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    You’ve just been rated 100% disabled by the Veterans Affairs. After the excitement of finally having the rating you deserve wears off, you start asking questions. One of the first questions that you might ask is this: It’s a legitimate question – rare is the Veteran that finds themselves sitting on the couch eating bon-bons … Continue reading

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Unclaimed Finding During C&P Exam-Does this require a new Claim?


During my C&P exam the examiner had both my feet x-rayed. My original claim was for secondary plantar fasciitis of the LEFT foot due to LEFT leg shorting. The examiner stated it was "as least as likely". Apparently there are more serious issues with my RIGHT foot based on the x-rays however, this was not part of my original claim. Would this be something I would need to do a new claim for? Any advice would be much appreciated. Thank you.


X-Ray Report:

RIGHT AND LEFT FOOT: AP and lateral.




REFERENCE: Left foot 5/24/2016.


The lateral views were obtained in the weightbearing position.


Right: There is a hallux valgus deformity. There are arthritic

changes at the first metatarsophalangeal joint. There is spurring

at the dorsal aspect of the head of the first metatarsal. There

are moderately severe arthritic changes at the interphalangeal

joint of the first toe. There is a 3 mm spur at the plantar

aspect of the calcaneus. The calcaneal pitch is in the borderline

normal range.


Left: There is a mild hallux valgus deformity. No fracture

deformity, bony erosion or destructive lesion is noted. The

calcaneal pitch is in the borderline normal range.

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It would make sense that one foot with disability could affect the other foot.

I have severe pronation. Years ago when I was fitted for my first orthotics, I asked the podiatrist why, since it seemed my right foot was the main problem, why I needed orthos for the left foot too and he said because you think you have severe pronation in right foot only because it hurts more than the severe pronation in your left foot. 

Many foot conditions can become bilateral conditions, specifically those that affect the arches, and ankles.

Did the doctor make any statement that the right foot was affecting the left foot?

I sure would file a claim if I were you and I hope you have a strong nexus ,unless the left foot is already service connected, as to the 'leg shortening'.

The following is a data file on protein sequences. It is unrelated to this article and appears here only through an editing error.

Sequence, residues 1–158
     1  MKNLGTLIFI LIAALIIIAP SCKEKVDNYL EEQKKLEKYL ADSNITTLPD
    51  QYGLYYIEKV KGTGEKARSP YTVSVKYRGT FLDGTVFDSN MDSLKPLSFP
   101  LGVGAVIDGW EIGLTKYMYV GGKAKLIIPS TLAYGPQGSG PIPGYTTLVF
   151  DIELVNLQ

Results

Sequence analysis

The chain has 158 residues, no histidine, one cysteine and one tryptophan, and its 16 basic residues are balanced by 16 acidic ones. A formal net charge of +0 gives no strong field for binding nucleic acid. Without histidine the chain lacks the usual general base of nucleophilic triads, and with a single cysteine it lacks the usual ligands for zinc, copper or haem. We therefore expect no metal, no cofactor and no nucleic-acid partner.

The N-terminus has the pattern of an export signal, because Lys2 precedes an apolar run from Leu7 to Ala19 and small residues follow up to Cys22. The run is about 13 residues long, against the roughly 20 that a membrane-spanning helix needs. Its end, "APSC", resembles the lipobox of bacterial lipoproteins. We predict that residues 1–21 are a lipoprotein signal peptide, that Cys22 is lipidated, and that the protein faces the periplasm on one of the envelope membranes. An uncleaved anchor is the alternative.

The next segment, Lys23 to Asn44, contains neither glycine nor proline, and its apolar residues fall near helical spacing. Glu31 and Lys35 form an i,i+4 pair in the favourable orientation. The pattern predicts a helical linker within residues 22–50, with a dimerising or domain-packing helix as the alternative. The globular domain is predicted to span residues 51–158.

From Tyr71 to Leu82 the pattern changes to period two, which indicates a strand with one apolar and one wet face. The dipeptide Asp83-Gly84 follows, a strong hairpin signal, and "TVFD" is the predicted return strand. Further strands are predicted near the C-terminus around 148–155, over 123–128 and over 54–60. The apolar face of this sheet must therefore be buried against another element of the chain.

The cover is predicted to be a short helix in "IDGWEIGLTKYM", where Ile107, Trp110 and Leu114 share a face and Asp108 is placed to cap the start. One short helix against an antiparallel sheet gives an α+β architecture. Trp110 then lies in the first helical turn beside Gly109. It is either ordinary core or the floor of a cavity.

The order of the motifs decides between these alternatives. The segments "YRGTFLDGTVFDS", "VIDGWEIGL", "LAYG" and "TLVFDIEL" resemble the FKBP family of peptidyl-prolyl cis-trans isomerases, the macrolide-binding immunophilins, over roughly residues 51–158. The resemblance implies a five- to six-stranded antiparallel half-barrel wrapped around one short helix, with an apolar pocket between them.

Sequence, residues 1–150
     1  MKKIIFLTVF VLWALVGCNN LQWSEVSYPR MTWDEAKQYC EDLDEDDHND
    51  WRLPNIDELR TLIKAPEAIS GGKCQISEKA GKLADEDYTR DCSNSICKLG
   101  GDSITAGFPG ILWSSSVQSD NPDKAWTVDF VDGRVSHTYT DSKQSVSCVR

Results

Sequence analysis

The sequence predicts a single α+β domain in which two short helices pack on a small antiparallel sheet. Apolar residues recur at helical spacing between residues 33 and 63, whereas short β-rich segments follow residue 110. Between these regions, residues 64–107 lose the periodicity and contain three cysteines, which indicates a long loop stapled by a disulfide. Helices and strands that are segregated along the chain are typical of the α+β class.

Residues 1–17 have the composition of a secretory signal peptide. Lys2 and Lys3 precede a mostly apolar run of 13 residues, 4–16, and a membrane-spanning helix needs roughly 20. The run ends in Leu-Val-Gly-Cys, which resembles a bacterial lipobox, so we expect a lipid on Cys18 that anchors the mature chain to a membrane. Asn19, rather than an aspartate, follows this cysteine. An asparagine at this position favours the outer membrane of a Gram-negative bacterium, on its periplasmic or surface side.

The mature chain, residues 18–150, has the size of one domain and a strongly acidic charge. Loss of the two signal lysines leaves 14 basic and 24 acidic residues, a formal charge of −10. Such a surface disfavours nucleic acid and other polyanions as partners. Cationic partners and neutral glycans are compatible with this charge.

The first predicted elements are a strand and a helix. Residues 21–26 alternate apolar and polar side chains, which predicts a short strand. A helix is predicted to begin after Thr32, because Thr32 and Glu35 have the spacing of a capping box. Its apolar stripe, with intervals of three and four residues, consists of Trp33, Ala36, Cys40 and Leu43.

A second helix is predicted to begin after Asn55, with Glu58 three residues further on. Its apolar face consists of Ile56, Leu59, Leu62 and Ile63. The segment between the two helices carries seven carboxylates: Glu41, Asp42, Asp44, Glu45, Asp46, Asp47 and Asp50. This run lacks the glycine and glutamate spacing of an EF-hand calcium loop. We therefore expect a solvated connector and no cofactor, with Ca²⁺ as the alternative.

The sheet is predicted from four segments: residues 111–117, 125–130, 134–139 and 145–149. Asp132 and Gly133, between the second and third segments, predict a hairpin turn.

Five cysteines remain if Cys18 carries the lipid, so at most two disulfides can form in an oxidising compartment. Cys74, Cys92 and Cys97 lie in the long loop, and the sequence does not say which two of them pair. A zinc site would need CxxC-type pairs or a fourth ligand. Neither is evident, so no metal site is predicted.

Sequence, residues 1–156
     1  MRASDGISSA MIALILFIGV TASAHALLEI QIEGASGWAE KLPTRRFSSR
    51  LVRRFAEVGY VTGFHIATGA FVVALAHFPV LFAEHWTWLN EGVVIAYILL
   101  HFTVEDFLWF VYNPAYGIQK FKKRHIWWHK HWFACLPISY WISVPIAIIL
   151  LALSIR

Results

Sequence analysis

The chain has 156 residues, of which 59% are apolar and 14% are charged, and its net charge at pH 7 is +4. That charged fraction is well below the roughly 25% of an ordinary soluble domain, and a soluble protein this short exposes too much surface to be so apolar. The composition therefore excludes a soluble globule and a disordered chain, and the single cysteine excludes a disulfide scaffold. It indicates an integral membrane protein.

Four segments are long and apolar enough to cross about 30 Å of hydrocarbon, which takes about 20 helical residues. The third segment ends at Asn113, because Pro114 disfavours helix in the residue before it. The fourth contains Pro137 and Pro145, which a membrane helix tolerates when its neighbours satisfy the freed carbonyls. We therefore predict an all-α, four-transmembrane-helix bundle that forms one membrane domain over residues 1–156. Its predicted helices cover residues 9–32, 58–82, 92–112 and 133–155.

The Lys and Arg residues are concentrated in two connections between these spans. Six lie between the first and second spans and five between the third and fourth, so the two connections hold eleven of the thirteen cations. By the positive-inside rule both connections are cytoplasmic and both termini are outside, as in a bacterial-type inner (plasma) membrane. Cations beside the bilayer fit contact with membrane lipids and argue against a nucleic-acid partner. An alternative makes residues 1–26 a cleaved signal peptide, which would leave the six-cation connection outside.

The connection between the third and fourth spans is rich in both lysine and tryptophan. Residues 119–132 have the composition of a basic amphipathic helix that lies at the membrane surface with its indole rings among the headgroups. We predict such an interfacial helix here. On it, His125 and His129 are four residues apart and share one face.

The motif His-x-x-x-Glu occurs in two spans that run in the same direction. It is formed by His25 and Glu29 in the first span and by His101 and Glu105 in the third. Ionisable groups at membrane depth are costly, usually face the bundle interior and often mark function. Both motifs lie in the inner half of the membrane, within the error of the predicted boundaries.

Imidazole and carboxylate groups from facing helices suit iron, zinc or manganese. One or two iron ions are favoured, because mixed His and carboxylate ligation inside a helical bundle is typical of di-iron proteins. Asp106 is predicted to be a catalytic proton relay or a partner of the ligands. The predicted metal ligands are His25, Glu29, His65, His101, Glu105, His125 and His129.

But I don't understand this:

"My original claim was for secondary plantar fasciitis of the LEFT foot due to LEFT leg shorting. "

Second to 'leg shortening' ? Why is the leg shorter? 

My neighbor ( USAF) had TKR ( total knee replacement service connected ) and one leg was definitely shorter than the other ,bothering him years after the surgery.VA doc said everyone has one leg shorter than the other but after griping alot, the vet got orthonics that  helped  his balance better. He didnt file for any secondary conditions to the TKR.

Edited by Berta

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My left leg was determined to be 2 cm shorter than the right leg about six years after entering the army. Because I was having issues with my hip they ran some test and one of the test was to measure my legs. I had never considered this as an issue previously as I never even knew it.  In my service records the army doctor wrote the pain in my hip was "caused by a 2% biomechanical altered gait caused by left leg discrepancy". They fitted me with heel lifts at that time. When I got out of the army the VA gave me a SC diagnoses of left leg discrepancy with 0% ( Presumption of soundness).

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Yes it does, because the VA rarely does anything for you when it comes to claims.

I claimed my right shoulder when I left service and was awarded 10%, later increased to 20%.  During the C&P for the increase the examiner told me that they did comparison x-rays on my left shoulder and that I had arthritis of my left shoulder.  I asked the examiner if I should claim my left shoulder and she said yes.  So, right there she could have included in my C&P, but that's not how it works with the VA.  So after the increase claim for my right shoulder was complete and in the bank, I did submit a claim for left shoulder condition secondary to my service connected right shoulder and used the VA x-ray's as my evidence and was service connected secondary at 10% for arthritis.

Now, I just finished a claim for and increase to my service connected right foot plantar facsiitis, which was denied, however, the rater asked the examiner to opine regards the athritis of the ankle that the radiologist found and to also opine as to whether the arthritis was at least as likely, which she did,  and the rater also asked the examiner if they, the plantar facsiitis and arthritis of the ankle, are rated seperately, and the examiner said yes and gave the rationale.  However, all that said, there is no mention of that in my denial.  I beleive that is because I did not claim it.

So, another round of claims will be going down range soon.  I use their evidence and have won in the past.  You just need to understand that the Va's "Duty to Assist", is actually "Duty to Resist" as in awarding your claims.  Again, they are not going to do anything for you, regards claims.





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Glad you made it thru your exam. As stated above it can go both ways. The VA granted me a couple different disabilities without me even asking after x rays, MRIs etc. But I would go ahead and open a secondary claim for the new condition. Good luck and keep us posted. God Bless

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